Are you confused about the multitude of programmable thermostats on the market today? Well, it’s no wonder – the big box hardware stores carry more than 40 different models! A basic programmable thermostat typically has 7-day programming, but now there are programmable thermostats called “smart” and others called “learning.” Is there a difference? And what about a remote thermostat vs. a WiFi thermostat? How do they compare?
This article – Part 1 in a series — provides an overview of the different types of programmable thermostats. Parts 2 and 3 will talk about programmable thermostats for the home and how to choose one that fits your HVAC equipment and lifestyle. Part 4 will discuss programmable thermostats for commercial or public work places, which have some unique requirements that residential applications may not have.
First, let’s look at what makes a thermostat “programmable:”
Non-Programmable vs. Programmable Thermostats
Non-programmable thermostats allow users to manually adjust heating and/or cooling systems to one temperature setting. You may be familiar with the traditional round, dial-style thermostat used to adjust the heat in your home. If you want to control both your heating and air conditioning systems with one thermostat, you’ll need a digital model. Non-programmable thermostats are easy-to-use and inexpensive, but they’re not very energy-efficient or convenient (unless you’re hanging around the house all of the time to make adjustments!).
Programmable thermostats are popular because they make it easier for users to maximize comfort while saving on energy. With a programmable thermostat, you can regulate temperature based on your own day and nighttime schedule. Most programmable thermostats offer 7-day programming and up to 4 program periods a day, so you can program the thermostat to automatically adjust temperature for the times when you are at home, asleep or away, so you don’t waste energy heating or cooling an empty house. All are digital and most can be used for both heating and A/C.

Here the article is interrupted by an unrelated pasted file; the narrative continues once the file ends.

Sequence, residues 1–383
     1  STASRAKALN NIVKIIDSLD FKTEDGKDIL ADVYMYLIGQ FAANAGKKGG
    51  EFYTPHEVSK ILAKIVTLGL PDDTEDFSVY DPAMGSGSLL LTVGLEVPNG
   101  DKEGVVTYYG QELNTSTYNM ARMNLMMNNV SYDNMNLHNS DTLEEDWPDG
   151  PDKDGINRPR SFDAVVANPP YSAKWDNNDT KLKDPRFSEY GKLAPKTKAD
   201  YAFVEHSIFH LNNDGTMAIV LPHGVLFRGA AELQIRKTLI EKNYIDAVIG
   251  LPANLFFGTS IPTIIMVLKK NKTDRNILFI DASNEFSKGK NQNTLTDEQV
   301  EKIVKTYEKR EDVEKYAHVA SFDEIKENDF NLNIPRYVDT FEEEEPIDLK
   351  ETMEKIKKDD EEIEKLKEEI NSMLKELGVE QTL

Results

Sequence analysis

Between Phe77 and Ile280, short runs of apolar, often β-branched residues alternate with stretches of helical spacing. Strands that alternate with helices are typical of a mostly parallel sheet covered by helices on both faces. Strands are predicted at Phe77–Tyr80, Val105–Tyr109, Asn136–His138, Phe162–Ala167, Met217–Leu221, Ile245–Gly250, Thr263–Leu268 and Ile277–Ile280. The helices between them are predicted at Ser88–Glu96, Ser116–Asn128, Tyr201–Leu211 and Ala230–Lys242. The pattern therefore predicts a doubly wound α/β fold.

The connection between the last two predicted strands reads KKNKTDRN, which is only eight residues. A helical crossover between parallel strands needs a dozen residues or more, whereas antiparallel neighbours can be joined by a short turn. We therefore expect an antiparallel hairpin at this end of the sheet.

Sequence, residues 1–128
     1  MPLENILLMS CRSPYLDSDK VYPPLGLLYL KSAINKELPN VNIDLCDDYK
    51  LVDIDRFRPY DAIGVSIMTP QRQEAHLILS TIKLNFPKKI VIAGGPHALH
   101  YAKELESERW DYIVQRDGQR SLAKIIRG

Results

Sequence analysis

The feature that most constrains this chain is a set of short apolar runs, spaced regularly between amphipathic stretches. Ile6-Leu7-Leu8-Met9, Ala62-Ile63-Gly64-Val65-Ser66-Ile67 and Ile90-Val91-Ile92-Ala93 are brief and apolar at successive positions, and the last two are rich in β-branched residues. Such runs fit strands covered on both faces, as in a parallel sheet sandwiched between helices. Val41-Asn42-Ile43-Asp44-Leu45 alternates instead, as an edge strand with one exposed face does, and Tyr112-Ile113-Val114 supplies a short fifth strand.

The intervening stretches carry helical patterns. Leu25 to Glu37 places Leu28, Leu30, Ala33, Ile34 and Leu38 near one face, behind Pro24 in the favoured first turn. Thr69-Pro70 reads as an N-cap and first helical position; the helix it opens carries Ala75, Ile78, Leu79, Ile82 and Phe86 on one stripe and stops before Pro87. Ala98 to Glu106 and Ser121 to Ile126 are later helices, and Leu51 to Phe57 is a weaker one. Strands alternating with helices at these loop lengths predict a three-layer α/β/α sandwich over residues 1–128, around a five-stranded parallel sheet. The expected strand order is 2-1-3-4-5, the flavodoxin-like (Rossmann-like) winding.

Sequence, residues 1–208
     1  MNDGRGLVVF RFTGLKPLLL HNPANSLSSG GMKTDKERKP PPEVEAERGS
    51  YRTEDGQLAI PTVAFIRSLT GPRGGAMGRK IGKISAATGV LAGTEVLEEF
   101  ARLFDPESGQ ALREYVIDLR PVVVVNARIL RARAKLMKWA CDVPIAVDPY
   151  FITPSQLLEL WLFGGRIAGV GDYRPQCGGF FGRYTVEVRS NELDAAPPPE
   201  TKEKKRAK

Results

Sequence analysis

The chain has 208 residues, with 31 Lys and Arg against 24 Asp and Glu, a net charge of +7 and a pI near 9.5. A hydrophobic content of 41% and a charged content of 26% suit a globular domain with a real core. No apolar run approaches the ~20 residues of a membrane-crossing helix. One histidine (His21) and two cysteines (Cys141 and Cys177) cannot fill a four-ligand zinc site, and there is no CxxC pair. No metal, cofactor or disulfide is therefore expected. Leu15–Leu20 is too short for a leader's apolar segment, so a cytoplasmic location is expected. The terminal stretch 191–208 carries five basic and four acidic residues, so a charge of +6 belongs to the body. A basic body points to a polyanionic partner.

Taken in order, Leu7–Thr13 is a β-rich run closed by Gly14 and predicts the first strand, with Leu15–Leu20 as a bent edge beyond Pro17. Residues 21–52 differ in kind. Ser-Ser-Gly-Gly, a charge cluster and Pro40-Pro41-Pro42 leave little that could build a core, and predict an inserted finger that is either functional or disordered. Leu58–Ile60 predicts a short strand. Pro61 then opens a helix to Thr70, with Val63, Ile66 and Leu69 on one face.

Remote vs. WiFi Thermostats
Remote thermostats allow you to adjust the temperature in your home or office from anywhere via a landline phone or from your computer or smartphone through a high-speed Internet connection, depending upon the model. Remote thermostats are very popular with vacation homeowners who want to pre-heat or cool their home before they arrive. They are also great for anyone who wants to adjust the temperature when they are out or to deviate from the programmed schedule.
WiFi thermostats are a type of remote thermostat that allows users to control temperature settings remotely through a wireless Internet connection. Unlike an Internet thermostat that uses a cable to connect to a router, a WiFi thermostat is equipped with a WiFi module that communicates with your router wirelessly.
For more information on the different types of remote thermostats, read the article “How to Choose Between an Internet Thermostat, WiFi Thermostat & Phone Thermostat.”
Smart vs. Learning Thermostats
Smart thermostats are basically high-tech programmable thermostats with extra bells and whistles to increase energy savings and user-friendliness. Features of a smart thermostat typically include:
- Temperature control from your smartphone or computer (many come with special smartphone apps);
- Web portal for viewing your HVAC system’s runtime and energy consumption;
- Access to current weather and weather forecasts;
- Ability to send alerts to your smartphone or computer if there’s a problem with your HVAC system.
Learning thermostats are smart thermostats with a built-in occupancy sensor that allows it to “learn” your daily habits so it can create a customized temperature schedule based on your activity. Learning thermostats also measure things such as ambient light, humidity, and motion and use that information to fine-tune its program. If it detects that you’re not home on the weekend when you usually are, it adjusts accordingly, even if the standard program dictates otherwise. The upshot is you don’t have to program a learning thermostat yourself, which some people find appealing.
Regardless of how your home is heated or cooled, the energy you use is undoubtedly a big part of your household or office budget, and a programmable thermostat can help keep costs down. Parts 2, 3 and 4 of this series will help you choose a programmable thermostat for your home or business based on some very important criteria, including your situation, HVAC equipment and your habits.